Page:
In addition to the conventional FMCW altimeters, a set of frequency counters with associated control logic was used for the control circuitry 28, 30 and 32. Timing of the counters was controlled by coupling the 100 Hz square wave from the altimeter 10 to drive the counters. The timing was controlled so that the counters were allowed to count for 10 cycles (0.1 second) of the 100 Hz squarewave signal. The counters were constructed so that at the end of each period of 10 cycles, the counts were transferred to latches, the counters were reset and an interrupt signal was sent to the microprocessor 38. One count of all zero crossings of the IF beat frequency from altimeter 20 at output 26 represents the beat frequency during the modulation upsweep and another count of all the zero crossings of the IF beat frequency from 26 represents the beat frequency during the modulation downsweep. A third count detected by the counters of control circuitry 32, was a count of the zero crossings of the IF beat frequency of output 16 over the entire modulation cycle. This total count was proportional to the average frequency of the signals over the sampled time period and thus represented the altitude of the aircraft.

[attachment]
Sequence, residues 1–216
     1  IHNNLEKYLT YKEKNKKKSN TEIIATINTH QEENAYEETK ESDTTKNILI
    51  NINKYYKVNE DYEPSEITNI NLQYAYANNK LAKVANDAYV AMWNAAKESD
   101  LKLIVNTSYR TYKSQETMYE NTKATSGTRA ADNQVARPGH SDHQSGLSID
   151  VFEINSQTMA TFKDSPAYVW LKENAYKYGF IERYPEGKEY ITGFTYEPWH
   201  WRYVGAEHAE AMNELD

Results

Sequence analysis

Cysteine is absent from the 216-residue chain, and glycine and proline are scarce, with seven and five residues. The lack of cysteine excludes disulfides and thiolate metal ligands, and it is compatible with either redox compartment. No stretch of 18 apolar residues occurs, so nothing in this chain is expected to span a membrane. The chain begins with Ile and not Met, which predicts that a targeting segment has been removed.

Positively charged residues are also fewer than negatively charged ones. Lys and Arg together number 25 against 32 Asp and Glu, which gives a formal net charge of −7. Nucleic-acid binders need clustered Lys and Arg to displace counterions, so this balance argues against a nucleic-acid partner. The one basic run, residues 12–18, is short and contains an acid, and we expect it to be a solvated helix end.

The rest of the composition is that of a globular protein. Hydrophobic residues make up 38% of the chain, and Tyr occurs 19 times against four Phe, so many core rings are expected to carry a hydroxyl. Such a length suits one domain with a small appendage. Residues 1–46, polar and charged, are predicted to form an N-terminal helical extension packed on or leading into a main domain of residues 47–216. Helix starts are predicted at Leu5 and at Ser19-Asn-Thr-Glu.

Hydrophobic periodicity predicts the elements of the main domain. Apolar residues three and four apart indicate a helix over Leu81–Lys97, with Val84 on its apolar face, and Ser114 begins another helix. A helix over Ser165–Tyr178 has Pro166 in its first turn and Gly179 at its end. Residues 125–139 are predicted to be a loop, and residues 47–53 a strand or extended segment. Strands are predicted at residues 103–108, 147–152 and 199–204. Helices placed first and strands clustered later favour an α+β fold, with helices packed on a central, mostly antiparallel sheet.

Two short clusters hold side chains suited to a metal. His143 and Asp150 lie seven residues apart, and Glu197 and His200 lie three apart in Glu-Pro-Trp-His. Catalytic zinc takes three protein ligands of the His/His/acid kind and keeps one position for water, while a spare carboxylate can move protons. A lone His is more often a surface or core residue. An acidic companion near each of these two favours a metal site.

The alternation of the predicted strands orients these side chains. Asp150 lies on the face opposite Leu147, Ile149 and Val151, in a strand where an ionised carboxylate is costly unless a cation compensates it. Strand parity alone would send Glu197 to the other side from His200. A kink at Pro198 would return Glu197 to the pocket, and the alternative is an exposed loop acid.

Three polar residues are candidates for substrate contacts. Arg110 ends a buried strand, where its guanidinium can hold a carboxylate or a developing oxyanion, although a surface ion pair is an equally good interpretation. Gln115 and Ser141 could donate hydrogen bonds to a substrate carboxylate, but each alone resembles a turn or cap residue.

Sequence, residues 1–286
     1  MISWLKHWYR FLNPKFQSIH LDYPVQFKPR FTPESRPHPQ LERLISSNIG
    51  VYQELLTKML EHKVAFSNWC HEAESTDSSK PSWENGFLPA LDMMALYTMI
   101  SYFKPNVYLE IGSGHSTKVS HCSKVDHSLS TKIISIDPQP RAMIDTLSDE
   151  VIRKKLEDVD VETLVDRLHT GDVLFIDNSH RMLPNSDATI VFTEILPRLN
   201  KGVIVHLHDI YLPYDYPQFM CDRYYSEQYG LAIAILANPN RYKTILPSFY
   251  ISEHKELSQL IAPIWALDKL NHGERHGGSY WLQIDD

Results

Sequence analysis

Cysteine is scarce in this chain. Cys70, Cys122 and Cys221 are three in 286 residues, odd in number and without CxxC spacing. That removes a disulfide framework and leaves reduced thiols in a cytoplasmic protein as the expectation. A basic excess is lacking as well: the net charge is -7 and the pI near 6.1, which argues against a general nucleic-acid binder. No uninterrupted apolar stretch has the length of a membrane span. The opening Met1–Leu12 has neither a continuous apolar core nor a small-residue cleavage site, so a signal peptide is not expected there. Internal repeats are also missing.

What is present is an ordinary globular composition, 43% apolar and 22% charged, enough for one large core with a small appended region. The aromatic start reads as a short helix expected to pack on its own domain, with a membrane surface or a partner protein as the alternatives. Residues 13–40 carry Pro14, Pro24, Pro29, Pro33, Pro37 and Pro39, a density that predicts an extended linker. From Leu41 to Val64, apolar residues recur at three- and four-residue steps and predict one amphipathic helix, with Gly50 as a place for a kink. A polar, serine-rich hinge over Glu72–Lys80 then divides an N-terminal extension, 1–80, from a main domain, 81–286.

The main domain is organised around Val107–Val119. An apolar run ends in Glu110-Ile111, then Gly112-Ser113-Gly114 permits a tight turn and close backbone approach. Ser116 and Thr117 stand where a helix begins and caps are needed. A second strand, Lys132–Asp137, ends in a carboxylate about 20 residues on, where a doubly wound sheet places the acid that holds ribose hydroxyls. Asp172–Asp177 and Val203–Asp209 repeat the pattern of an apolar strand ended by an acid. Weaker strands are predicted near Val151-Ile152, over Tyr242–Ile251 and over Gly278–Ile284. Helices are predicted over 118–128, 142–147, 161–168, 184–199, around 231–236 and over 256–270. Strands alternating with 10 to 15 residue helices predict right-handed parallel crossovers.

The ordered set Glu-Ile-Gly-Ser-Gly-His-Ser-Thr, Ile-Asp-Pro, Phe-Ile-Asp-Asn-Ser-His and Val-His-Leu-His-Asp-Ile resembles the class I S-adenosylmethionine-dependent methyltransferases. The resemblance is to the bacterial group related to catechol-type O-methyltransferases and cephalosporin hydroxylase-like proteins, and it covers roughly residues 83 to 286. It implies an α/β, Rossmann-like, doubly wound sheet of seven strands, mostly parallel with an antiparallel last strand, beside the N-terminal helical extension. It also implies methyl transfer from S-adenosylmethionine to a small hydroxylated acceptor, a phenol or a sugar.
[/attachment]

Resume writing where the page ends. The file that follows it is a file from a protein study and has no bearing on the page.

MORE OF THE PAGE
All counts were provided to the microprocessor 38 through outputs 36 and 40. Coupling between the counters and control circuitry 28, 30 and 32 was provided through a standard peripheral interface circuit which received the interrupts and selected and read counter outputs in response to software control. The software used to provide the measurement and display of groundspeed in accordance with the previously-developed equations are set forth in the appendix and are described in greater detail below.